The International Monetary System: Living with Asymmetry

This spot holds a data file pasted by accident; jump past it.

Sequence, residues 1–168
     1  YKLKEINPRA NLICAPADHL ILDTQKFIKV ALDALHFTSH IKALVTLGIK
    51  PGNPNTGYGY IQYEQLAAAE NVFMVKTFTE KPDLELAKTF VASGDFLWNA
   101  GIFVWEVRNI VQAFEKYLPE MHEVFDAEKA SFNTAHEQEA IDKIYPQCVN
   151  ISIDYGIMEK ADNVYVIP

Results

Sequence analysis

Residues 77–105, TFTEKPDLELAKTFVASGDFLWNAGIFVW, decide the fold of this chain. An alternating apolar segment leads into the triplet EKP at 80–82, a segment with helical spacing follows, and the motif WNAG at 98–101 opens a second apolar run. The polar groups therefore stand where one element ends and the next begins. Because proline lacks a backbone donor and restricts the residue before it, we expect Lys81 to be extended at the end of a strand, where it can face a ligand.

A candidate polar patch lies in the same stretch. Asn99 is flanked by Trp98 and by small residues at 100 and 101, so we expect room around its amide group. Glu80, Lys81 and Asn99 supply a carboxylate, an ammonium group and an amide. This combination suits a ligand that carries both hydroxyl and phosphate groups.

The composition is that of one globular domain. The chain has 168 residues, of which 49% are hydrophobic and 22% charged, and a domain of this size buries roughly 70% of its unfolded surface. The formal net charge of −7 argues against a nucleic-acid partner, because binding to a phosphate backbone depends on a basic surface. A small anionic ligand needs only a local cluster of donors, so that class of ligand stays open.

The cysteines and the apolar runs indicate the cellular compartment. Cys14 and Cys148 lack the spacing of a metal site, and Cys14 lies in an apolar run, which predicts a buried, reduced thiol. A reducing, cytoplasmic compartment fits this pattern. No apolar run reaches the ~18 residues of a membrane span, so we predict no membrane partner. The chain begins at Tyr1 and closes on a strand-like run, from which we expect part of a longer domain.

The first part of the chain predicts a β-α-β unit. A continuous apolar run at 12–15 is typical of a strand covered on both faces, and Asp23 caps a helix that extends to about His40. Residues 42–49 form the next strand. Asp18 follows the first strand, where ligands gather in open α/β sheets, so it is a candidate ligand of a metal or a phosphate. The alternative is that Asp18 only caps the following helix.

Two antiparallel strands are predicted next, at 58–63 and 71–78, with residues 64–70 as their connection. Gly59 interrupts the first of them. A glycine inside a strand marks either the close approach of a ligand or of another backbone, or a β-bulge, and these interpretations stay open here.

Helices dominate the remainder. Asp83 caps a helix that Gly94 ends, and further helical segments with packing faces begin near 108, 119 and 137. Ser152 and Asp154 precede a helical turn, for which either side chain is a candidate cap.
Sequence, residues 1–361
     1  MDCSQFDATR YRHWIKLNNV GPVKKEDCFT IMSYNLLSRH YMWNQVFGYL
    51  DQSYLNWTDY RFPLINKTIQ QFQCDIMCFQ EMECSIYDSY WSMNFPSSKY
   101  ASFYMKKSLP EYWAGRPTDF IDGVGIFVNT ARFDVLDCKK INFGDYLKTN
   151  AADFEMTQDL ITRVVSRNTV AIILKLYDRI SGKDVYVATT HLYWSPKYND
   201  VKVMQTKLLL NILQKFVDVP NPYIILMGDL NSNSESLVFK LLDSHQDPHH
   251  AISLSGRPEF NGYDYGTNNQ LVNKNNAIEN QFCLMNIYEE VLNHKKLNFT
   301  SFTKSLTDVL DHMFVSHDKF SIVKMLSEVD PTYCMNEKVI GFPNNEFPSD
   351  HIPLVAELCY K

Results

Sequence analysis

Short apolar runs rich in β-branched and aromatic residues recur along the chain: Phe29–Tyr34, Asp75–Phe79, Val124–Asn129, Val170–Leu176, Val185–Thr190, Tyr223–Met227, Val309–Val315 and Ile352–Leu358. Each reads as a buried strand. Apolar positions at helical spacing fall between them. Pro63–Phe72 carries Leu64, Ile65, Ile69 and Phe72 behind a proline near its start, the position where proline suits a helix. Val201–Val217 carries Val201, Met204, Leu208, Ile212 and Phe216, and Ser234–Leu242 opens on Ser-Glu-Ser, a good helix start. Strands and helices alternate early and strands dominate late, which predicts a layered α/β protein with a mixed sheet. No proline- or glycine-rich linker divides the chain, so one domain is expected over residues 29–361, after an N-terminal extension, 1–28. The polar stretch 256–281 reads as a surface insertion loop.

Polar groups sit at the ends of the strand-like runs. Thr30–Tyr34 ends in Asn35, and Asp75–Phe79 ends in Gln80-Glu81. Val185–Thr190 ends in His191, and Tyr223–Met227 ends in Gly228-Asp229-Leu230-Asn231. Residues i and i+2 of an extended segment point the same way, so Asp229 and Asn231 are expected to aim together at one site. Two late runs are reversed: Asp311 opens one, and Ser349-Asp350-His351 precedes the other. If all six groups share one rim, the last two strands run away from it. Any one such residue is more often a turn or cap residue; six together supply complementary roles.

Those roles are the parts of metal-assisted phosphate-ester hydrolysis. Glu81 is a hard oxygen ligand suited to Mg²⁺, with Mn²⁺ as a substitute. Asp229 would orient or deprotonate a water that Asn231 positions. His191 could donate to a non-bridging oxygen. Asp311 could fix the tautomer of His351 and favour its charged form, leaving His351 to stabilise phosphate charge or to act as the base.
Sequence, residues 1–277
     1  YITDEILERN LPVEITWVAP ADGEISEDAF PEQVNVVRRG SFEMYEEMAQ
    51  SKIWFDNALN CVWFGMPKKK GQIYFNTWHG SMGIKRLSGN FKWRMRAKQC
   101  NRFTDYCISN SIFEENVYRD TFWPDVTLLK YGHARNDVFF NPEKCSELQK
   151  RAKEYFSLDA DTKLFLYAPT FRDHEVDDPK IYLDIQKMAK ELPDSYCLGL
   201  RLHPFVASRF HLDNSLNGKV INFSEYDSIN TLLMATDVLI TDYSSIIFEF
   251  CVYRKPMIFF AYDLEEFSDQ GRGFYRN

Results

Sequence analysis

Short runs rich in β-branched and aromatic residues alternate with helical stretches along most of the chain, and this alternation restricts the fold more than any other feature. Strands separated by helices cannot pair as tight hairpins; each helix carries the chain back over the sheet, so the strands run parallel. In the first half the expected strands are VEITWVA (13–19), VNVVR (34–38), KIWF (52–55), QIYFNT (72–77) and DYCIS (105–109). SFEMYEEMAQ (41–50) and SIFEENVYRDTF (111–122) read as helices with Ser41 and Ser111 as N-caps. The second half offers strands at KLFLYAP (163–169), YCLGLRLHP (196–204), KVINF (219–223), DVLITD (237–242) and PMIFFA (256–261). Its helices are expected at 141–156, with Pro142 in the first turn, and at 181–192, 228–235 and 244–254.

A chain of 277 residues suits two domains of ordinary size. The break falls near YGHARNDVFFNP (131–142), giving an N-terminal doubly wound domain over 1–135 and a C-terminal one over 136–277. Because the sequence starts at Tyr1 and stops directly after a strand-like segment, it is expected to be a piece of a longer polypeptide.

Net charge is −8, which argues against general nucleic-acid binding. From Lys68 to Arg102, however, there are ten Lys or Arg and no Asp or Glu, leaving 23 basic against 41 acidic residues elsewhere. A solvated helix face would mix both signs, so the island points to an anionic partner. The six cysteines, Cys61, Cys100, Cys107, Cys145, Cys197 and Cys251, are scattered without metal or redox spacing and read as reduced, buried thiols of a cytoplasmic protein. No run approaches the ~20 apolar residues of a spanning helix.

This paper analyzes current stresses in the two key areas that concerned the architects of the original Bretton Woods system: international liquidity and exchange rate management. Despite radical changes since World War II in the market context for liquidity and exchange rate concerns, they remain central to discussions of international macroeconomic policy coordination. To take two prominent examples of specific (and related) coordination problems, liquidity issues are paramount in strategies of national self-insurance through foreign reserve accumulation, while recent attempts by emerging market economies (EMEs) to limit real currency appreciation have relied heavily on nominal exchange rate management. A central message is that a diverse set of potential asymmetries among sovereign member states provides fertile ground for a variety of coordination failures. The paper goes on to discuss institutions and policies that might mitigate some of these inefficiencies.
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